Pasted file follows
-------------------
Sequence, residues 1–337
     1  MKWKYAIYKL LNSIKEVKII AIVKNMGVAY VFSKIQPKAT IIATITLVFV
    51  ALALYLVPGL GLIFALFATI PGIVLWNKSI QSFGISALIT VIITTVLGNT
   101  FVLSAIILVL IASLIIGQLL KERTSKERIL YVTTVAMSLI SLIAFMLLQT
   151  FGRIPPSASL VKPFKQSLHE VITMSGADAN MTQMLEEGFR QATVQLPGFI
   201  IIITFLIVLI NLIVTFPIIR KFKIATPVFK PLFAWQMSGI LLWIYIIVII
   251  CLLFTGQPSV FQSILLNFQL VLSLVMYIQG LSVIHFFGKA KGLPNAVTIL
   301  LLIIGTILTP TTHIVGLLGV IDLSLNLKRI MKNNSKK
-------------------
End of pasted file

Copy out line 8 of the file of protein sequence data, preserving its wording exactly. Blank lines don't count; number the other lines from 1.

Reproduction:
   301  LLIIGTILTP TTHIVGLLGV IDLSLNLKRI MKNNSKK